1. Are there any optional plastic panels that will directly fit the original hinges? Or any USA based sources that still have stock of that part, which I have the following numbers for: CCV 6211. and possibly 152882-02-700. one vendor online had their vendor number as BG1512. Hoping someone sees this and can help, as I just purchased the 2013 Winnebago View V that I need to repair this part on.

  2. Thank you Mike for another informative topic. Planning on getting a Liberty soon, and it comes with this vent. I’m sure I will need this information in the future!

  3. As I pointed out in my Heki Vent review, emergency egress is a big benefit. This is just one aspect of the vent that must be carefully weighed when deciding on your options.

  4. Thanks Mike for the very informative article, the pictures are a great addition. Personally, after all I have read about this product I can’t image how it is still in production. I have long ago concluded that any RV of mine will not have one of these units. However, I do have a question. Many manufacturers speak about the ability of these vents to provide emergency access that may or may not be code. What would those of us do in the event the builder will not provide a pop out bedroom window because they insist on using this product to satisfy any possible codes? My travel trailer was built with a fixed pane pop out style window in the bedroom to provide emergency access. Personally, if no choice was given the purchase would not be made. I wonder how many builders consider this an issue.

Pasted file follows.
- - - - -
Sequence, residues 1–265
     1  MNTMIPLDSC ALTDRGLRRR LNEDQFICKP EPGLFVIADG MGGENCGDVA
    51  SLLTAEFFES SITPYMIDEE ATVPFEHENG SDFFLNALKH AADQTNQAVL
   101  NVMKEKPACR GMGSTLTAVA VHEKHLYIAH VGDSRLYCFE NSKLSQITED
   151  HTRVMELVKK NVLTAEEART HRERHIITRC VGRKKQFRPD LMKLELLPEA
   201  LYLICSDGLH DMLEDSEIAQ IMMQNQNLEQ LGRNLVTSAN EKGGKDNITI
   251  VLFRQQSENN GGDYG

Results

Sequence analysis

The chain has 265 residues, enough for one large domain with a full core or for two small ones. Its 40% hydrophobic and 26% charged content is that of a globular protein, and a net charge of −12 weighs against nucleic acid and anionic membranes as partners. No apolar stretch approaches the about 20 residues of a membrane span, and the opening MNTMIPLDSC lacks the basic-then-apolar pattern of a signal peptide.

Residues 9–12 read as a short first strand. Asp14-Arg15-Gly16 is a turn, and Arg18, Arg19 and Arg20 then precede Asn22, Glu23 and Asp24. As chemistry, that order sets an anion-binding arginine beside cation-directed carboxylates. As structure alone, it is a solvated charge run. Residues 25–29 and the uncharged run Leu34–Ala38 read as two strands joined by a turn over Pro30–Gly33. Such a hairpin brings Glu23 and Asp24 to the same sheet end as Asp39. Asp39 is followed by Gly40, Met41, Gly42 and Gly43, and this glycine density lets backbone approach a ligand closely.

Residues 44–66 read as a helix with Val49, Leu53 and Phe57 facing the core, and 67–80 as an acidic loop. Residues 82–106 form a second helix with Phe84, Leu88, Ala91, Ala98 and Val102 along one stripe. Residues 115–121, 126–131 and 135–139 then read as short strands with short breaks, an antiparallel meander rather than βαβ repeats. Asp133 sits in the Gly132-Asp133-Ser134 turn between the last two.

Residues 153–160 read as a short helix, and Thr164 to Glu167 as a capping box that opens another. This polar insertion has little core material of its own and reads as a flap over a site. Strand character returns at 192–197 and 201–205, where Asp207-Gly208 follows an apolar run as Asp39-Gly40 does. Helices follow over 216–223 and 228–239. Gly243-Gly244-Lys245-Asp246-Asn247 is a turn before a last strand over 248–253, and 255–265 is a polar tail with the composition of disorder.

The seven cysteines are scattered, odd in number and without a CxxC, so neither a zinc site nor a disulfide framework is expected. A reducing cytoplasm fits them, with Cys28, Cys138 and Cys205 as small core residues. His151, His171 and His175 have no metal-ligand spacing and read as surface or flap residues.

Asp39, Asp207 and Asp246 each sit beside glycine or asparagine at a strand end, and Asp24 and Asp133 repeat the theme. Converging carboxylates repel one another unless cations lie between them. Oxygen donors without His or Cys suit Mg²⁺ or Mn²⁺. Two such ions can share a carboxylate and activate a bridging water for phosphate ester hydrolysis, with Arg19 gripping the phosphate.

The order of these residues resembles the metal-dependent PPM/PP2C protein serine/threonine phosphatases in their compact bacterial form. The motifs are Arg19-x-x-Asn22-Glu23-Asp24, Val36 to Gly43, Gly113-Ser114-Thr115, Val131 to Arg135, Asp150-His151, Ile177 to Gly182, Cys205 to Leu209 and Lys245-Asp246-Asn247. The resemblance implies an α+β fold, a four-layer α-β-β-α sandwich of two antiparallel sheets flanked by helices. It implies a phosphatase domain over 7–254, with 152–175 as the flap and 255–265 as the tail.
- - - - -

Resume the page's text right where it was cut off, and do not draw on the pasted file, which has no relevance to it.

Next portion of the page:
• They are a pain, and great at the same time. They are also mind-numbingly expesnive.

      They do require extra attention. Leaving them closed in full, hot, sun can warp the plastic, the string can break, if you don’t close them fully (turning the handle three more times than you’d think) they can come open and rip off when driving. They scratch, like all plastic windows, very easily. The bug screen doesn’t reach all the way to the edges.

      BUT …. if you know what the issues are and deal with them, they are ok. Lots of air, great for night sky viewing. If there was another option I would take that but I don’t think there are many.